It was with a sense of relief, yet with some sadness, that I watched the last episode of “Lee San” (Wind in the Palace), the Korean telenovela I have been addicted to for months.
Relief, because now I can go back to my normal sleeping hours, having lost so much of them staying up till or even past 1 a.m. just to watch this very beautiful series. The series was shown after the regular documentary that would come after the nightly news aired many times later than scheduled.
I didn’t mind sitting through the GMA 7 “docus” as they are very well produced and are very informative. But during the last two weeks of “Lee San,” GMA 7 squeezed in the Tim Yap show and I found it quite incomprehensible why images of Tim Yap cavorting on a bed and pillow-throwing with Hayden Kho should be inflicted on me before I could watch “Lee San.” Why GMA 7 couldn’t wait for the series to end before airing the Yap show is beyond me. They could have scheduled it after “Lee San,” and I’m sure Yap’s fans, the party-going crowd, wouldn’t have minded at all.
Yes, there was also sadness because the series is too wonderful—story, scenery, acting, the entire production—a single viewing was not enough.
“Lee San” is a story about nobility, leadership and tradition, interwoven with enduring friendship and selfless love, all for the love of country and in the service of its people. The story, whether it is based on a true story or is pure fiction, was of special interest to me because of this growing movement among the Tausug to revive the sultanate, about which I hope to write in a later piece.
“Lee San” offers a good study on small Asian monarchies that are different in many ways from the more powerful “empires” that ruled with absolutism. The difference is probably the reason some of these small monarchies have endured to this day.
These small monarchies that ruled most of the countries in Southeast Asia were, we can assume, the models for the sultanate that was established in these islands that now constitute the Philippines. The sultanate was reportedly referred to in Chinese annals as the “Sulu Kingdom.”
The Sultanate of Sulu, it is claimed, was the first organized government of the country; and although the different tribes that inhabited the islands had their own structure of ruling hierarchy, their system of law and order and concepts of crime and punishment derived from a belief system based on mystical and natural forces—unlike the Sulu sultanate which was established by Arab missionaries as part of their Islamization of the Orient.
Perhaps it was because of this that none of the indigenous datu systems came up to the level of the Sulu sultanate that was based on Islam, as could easily be verified in the Koran, the basis of its system of laws, the Shari’ah which, along with Sulu’s strategic location and insular geography, made it powerful enough to engage in trade and diplomatic relations with other countries.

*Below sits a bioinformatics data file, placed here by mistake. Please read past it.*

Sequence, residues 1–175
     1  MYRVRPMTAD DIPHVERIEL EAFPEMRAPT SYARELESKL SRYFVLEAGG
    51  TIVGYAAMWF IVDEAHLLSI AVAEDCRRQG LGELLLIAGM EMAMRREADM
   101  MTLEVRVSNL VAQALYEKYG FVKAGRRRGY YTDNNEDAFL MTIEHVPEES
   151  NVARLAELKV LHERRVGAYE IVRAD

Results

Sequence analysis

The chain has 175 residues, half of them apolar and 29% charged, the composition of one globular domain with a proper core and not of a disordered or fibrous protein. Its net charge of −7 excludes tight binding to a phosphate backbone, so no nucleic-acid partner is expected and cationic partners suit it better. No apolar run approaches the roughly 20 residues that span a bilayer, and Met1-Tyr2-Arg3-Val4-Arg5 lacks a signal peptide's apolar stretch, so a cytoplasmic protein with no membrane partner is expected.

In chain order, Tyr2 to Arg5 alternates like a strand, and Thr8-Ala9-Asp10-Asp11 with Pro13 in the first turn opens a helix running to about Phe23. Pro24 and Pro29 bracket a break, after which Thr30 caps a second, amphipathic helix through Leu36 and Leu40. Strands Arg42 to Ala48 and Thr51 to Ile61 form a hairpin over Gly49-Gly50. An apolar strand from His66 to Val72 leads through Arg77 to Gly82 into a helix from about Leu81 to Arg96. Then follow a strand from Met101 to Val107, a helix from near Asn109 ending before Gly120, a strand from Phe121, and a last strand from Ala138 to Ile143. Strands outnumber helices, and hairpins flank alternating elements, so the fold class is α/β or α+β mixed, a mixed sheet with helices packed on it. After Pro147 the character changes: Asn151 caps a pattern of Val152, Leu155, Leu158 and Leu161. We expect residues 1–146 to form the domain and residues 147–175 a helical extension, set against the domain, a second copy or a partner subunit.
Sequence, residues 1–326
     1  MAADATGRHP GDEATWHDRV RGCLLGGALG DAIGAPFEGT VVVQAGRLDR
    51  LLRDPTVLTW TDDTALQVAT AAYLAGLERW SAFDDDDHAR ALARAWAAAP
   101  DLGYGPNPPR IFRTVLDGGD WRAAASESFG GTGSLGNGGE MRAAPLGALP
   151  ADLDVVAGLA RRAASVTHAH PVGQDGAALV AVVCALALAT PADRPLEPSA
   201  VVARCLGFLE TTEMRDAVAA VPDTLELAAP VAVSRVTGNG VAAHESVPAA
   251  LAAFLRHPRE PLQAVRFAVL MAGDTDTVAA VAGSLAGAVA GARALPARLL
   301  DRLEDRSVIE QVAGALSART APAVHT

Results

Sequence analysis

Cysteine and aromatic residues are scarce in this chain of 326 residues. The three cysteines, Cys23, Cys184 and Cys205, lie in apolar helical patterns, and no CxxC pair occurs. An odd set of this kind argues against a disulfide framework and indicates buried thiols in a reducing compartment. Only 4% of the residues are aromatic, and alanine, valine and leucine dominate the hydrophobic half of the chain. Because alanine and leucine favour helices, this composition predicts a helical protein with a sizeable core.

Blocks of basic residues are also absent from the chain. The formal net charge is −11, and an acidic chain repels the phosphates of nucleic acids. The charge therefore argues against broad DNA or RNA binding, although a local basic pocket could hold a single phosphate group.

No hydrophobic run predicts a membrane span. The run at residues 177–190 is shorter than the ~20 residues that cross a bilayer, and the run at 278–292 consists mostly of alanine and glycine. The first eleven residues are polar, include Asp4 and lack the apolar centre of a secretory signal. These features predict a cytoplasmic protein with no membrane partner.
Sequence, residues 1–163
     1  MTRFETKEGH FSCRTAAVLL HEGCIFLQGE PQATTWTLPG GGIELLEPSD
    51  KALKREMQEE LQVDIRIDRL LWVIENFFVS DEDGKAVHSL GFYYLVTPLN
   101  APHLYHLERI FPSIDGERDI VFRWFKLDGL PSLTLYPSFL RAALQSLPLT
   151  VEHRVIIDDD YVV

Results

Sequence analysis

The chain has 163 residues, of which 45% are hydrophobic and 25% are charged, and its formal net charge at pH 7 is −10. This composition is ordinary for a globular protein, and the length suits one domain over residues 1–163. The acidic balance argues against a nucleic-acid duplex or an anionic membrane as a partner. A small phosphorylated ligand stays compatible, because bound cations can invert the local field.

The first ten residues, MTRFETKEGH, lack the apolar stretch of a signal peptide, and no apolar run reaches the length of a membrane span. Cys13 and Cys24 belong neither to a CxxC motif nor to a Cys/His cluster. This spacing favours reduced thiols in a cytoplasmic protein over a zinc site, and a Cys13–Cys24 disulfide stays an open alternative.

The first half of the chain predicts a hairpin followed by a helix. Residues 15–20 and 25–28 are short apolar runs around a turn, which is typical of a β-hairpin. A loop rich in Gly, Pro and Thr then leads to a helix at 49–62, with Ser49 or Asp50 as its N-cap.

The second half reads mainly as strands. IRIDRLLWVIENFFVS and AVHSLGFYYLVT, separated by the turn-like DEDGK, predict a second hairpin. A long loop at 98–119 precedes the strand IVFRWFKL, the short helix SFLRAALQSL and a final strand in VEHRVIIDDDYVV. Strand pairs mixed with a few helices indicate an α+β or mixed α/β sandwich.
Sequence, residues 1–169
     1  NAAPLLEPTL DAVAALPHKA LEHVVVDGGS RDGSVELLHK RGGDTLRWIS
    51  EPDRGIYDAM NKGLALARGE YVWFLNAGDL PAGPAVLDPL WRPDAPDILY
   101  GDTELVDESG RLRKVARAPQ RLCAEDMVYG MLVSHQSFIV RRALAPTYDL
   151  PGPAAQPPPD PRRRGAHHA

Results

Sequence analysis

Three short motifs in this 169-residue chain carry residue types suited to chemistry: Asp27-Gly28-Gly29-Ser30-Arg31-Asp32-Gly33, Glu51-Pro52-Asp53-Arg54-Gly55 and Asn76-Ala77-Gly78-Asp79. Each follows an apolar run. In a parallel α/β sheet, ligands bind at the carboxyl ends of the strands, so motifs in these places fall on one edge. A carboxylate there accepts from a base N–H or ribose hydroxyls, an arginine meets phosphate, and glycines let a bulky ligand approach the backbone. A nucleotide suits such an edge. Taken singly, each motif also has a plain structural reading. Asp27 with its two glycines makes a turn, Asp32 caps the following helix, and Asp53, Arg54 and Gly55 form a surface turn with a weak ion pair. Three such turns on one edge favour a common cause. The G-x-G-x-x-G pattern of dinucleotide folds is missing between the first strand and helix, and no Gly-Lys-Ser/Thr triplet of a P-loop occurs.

One can find many commonalities between monarchy in “Lee San” and the sultanate, particularly the concept of honor, nobility, devotion to tradition, the protocols of succession and a legal and justice system with its concept of crime and punishment based on written law. Both maintained a meticulously compiled and strictly secured library and, believe it or not, even a whole department of artists who, like photographers, rendered, in real time, visual records of the highlights of events in the monarchy. Thus drawings and paintings complemented their documents and, indeed, painted more than a thousand words.
In the present scramble for legitimacy among the many pretenders to the throne of the Sulu sultanate, it is truly lamentable that unlike ancient Korea, the Tausug did not give much value to their sultanate’s records and documents. Some royal families do keep their own tarsilas or genealogies which they jealously hide from public view, and many of which are just self-serving, differing as they do from clan to clan.
But why would the Tausug now want to revive the sultanate? Why only now, long after the colonizers have left and after eight decades of their experimenting with American (Jeffersonian) democracy?
Based on the present litany of complaints, they have finally realized that American democracy does not work for a people who practice the Islamic faith and the Shari’ah laws, and who adhere as well to their own cultural traditions. The movement’s advocates blame American democracy for their alienation from the Christian government and their marginalization in the body politic; and worse, for the continuing oppression, through military offensives and the militarization of communities, by the majority non-Muslims. It seems they fail to see that the Islamic countries in the Middle East, caught in the clamor for democratic reforms, are now in turmoil and have lost thousands of their citizens. Does this mean that Islam has failed and that the democratic system is the option?
We can find so much relevance in “Lee San,” which is set centuries ahead of the American concept of governance, because the main character is also confronted with the same problems: corruption in government; oppression of the poor and marginalized; crimes like treason, even smuggling and economic sabotage, plunder by the wealthy and powerful; political opposition; palace intrigues; plots and counterplots.
Yes, many things never change, simply because we never change.
It is not the system. It is us.
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